“Let me be clear: people in South Sudan are not just fleeing their homes because they need food, shelter or medical care and school for their children. They are fleeing [because they] fear for their lives,” Mr. O’Brien told reporters at UN Headquarters in New York.
“We must protect them, and we must save their lives,” he stressed. UN.org
As I prepare to fly out to Uganda today, this quote rings in my head. At Playing to Live! we seek to protect children and families through building skills to combat the effects of the trauma, and in this case, trauma due to violence and displacement. Within refugee camps families ideally have received their basic shelter and food needs, but the short term and long term interpersonal, social, and psychological effects of trauma prevail.
I have scheduled meetings within a large refugee camp in Uganda to speak to organizations on how we can begin to address the psychological needs of children and families as they live within the camp. Our mission at Playing to Live believes that all communities have the resources to heal from trauma and our role is to teach skills to empower these resources.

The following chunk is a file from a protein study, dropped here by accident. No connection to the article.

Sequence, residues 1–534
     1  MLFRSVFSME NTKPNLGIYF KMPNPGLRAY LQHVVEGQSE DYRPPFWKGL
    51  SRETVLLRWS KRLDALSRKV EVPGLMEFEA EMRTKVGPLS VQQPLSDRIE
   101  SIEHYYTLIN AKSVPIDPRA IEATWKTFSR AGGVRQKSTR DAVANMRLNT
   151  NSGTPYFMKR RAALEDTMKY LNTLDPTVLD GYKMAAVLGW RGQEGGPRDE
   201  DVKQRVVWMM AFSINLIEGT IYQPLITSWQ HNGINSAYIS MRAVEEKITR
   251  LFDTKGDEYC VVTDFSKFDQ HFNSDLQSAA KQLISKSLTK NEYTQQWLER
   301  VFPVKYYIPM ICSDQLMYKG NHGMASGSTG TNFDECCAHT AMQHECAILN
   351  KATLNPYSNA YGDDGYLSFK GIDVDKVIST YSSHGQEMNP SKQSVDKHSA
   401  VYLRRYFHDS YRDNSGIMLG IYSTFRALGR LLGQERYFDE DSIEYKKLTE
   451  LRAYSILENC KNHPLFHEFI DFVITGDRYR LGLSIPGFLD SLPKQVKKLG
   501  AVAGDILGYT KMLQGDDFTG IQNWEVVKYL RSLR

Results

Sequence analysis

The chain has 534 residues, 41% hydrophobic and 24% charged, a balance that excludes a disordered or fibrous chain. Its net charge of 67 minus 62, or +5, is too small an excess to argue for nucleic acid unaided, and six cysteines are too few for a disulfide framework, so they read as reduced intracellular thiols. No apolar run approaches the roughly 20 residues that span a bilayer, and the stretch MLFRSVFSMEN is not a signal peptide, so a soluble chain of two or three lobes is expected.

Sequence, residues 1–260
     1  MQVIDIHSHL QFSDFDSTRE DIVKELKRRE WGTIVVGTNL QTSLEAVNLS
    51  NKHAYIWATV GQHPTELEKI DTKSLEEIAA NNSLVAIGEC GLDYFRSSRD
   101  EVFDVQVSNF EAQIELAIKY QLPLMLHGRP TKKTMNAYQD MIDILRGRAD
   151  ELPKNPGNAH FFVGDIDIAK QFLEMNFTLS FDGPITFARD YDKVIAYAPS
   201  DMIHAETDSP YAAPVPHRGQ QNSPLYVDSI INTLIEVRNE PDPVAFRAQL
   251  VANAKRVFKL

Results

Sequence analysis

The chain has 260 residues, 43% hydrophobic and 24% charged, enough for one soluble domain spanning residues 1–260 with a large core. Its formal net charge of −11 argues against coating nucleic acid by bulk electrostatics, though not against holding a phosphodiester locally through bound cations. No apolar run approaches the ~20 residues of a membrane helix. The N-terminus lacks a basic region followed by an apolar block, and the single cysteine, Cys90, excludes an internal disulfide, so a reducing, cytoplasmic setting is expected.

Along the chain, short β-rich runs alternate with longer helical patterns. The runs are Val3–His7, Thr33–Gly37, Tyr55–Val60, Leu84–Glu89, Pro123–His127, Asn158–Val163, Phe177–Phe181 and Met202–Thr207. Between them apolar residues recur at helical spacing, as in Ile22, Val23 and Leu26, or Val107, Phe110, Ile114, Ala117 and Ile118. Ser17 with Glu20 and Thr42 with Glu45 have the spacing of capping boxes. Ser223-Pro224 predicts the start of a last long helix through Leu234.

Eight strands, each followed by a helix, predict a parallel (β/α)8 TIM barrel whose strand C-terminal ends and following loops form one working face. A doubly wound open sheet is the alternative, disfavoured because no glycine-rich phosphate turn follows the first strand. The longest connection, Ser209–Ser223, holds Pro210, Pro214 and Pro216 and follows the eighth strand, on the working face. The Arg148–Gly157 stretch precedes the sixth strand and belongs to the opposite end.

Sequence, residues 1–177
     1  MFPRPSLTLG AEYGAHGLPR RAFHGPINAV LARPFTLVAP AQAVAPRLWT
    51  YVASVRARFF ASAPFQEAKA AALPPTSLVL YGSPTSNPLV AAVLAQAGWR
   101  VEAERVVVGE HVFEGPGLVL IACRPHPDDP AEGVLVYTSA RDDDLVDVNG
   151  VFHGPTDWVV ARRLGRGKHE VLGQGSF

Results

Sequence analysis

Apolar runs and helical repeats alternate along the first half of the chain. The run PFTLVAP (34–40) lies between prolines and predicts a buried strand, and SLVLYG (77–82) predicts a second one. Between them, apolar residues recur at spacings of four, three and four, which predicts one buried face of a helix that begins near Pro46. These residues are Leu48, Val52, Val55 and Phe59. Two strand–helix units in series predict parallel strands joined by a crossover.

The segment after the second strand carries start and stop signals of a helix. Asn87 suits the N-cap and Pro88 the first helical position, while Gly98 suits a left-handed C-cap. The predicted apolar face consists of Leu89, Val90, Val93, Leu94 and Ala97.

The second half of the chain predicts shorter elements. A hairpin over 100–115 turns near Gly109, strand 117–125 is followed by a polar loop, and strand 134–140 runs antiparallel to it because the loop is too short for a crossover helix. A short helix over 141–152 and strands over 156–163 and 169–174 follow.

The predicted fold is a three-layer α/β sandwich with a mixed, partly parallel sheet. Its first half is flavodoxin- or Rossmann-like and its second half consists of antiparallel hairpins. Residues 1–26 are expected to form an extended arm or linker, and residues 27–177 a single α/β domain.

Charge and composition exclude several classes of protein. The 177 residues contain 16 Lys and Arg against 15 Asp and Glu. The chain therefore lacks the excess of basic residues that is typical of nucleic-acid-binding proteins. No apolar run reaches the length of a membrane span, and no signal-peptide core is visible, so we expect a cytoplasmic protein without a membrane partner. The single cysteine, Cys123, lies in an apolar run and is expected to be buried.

Playing to Live! started out with such energy in 2015, that it has been essential that we take all that we have learned and make something even stronger, so 2016 has become our building year. Throughout the year we have been meeting and speaking with organizations nationally and internationally. Through these conversations we have gathered a deeper understanding of the needs of communities who are experiencing trauma and the programming needs of the organizations who serve them.
We are excited to announce that our executive director, Alexis Decosimo, will be flying to Uganda next week to speak with organizations working in South Sudanese refugee camps. According to the UNCHR the refugee crisis has reached the highest numbers on record. We have been gathering data on the psychological impact of displacement for children and families, and we have noted that in humanitarian/refugee settings the prevalence of PTSD is 15.4% and mood disorders are 17.3%, while in non humanitarian settings the rates are 7.6% and 5.3% (Tol et al, 2011). As clinicians and researchers we must wonder if the rates are actually higher due to the trauma of experiencing grief, being forced from home, and the fractures of community support.